While bookmakers kept the Sylvia colt at a safe 5/1, the race wore an open aspect with Benvolio, Fitz-Yattendon and Sterling all preferred by the public. Benvolio owed his prominence mainly to having finished runner-up to Rose d’Amour in the A.J.C. Sires’ Produce Stakes the previous autumn, and the Derby represented his first essay on the Turf in the new season. A remarkably kind-tempered, quiet little fellow, he was being prepared by the South Australian horseman, Harry Tothill. Fitz-Yattendon was the first of those classically-bred Yattendon colts that carried the colours of the Governor of N.S.W., Sir Hercules Robinson, in the Derby. Bred at Fernhill by the Hon. E. K. Cox, Fitz-Yattendon was out of a well-bred daughter of the great Birdcatcher and came into the race having started only once on a racecourse when he ran unplaced in the 1873 A.J.C. Sires’ Produce Stakes. He owed his market prominence both to the eminence of his owner, and some impressive gallops on the training grounds where he was prepared by Tom Lamond.
Next fancied in the betting was Thomas Ivory’s Sterling, yet another son of Yattendon, and out of Sultana, a half-sister to Bylong, winner of the 1866 A.J.C. Great Metropolitan Stakes. Sterling had made his racecourse debut at the Bathurst Annual Races in March when he easily won the Nursery Stakes (6f) by four lengths, but he had failed to place in either the Champagne Stakes or Sires’ Produce Stakes won by Rose d’Amour. Perhaps the most interesting outsider in the Derby field was Excelsior. Unplaced in the Champagne Stakes at his only start at two, he had been well-tried in the new season having appeared a half-dozen times already, including four wins in three days at the Goulburn spring fixture.
The 1873 A.J.C. Derby field and race conditions appear in the table below:
A crowd estimated at somewhere between eight and ten thousand people witnessed Mr Gannon despatch the Derby field to a fine start after a minimal delay. The colours of Goldsbrough and Sterling showed most prominently and Hybla soon led by five lengths going past the stand, from Sterling and Goldsbrough, with Excelsior and Benvolio fourth and fifth respectively. Hybla, a daughter of Clove, cut out the work for the next half-mile until she died away and Jimmy Ashworth dashed the Sylvia colt to the front down the far side of the course. At the beginning of the hill, Sterling and FitzYattendon on the extreme outside joined him, and this trio raced up the hill and to the bend at a great rate. The pace soon told on them, however, and on the home turn, both Benvolio and Excelsior ran past them quite easily, with the South Australian colt going on to win the blue riband by six lengths. Ashworth coaxed another effort from the Sylvia colt, and he stayed on strongly in the straight to defeat the pair that had bested him in the Hawkesbury Guineas to be only beaten a half-length for second money behind Excelsior.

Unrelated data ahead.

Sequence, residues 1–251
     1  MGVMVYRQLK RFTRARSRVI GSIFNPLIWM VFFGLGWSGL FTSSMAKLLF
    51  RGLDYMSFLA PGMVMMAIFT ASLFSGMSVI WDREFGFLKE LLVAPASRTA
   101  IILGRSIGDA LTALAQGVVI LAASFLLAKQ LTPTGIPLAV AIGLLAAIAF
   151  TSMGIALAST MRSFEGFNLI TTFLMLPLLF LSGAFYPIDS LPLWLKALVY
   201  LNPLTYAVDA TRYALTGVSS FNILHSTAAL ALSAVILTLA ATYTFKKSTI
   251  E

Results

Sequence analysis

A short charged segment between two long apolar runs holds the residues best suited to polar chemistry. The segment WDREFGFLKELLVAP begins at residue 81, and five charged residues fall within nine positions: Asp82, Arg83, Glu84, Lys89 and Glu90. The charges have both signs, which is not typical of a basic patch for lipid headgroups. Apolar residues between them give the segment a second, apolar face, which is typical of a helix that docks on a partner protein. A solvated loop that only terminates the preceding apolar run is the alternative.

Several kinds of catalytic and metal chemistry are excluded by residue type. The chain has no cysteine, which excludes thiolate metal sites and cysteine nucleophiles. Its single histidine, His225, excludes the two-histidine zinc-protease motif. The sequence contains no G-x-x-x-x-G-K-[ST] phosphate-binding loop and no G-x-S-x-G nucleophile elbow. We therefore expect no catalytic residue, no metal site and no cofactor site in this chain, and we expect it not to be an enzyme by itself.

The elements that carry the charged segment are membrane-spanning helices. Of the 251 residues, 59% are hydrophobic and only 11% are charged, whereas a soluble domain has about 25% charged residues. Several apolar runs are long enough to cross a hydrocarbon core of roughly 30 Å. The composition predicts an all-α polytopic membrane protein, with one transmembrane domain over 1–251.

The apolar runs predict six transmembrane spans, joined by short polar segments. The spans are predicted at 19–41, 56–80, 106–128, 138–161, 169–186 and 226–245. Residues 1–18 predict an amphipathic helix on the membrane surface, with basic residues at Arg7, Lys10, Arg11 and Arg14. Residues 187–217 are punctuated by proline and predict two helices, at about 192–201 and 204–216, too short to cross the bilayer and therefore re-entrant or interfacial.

The winner, Benvolio, a nice wiry chestnut, was bred by Mr R. J. Hunter of Woodstock, Victoria and as we have seen was purchased as a yearling by T. J. Ryan for 510 guineas. His sire, Peter Wilkins, was an English stallion by The Flying Dutchman and was bred by Lord Stradbroke and foaled in 1853. Peter Wilkins was not particularly successful at stud in Australia, and apart from Benvolio, his only other notable progeny were the Melbourne Cup winner, The Quack, and Rosalie, who won The Shorts a few days after Benvolio’s Derby. Benvolio’s first appearance had come in the Maribyrnong Plate won by Dagmar, when he ran fifth, and later at that same meeting, he had run last in the Flying Stakes. Benvolio made a brief, unplaced appearance at the V.R.C. Midsummer Meeting before similar anonymity in Tasmania where he was taken in company with his stablemates, Leo and Adelina on that memorable visit that saw Thomas Ryan win both the Champion Race and the T.T.C. Launceston Cup with the ill-fated Leo. Benvolio returned for the V.R.C. Autumn Meeting but failed to win in his two races there. It wasn’t until he got to Randwick that he disclosed his true ability in his first season, with a gallant second behind Rose d’Amour in the Sires’ Produce Stakes, beating nearly all of Sydney’s best youngsters.
It was the second A.J.C. Derby in succession for jockey Tom Brown, who had scored on Loup Garou the year before. So long and favourably known as a jockey in connection with William Winch’s stable, Brown had enjoyed considerable success in the saddle at Randwick in distance races having won the A.J.C. Great Metropolitan Stakes in successive years in 1869 and 1870 on Circassian and Croydon respectively in Winch’s violet and white livery. Having won the A.J.C. St Leger on Commodore for William Winch in the autumn of 1873, Tom Brown could now boast of both A.J.C. red and blue ribands in the same calendar year. The 1870s was Brown’s decade in the saddle.; he was a contemporary of Billy Yeomans, Bricky Colley, Tom Hales, Paddy Piggott, Mick O’Brien and Joe Morrison but he more than held his own.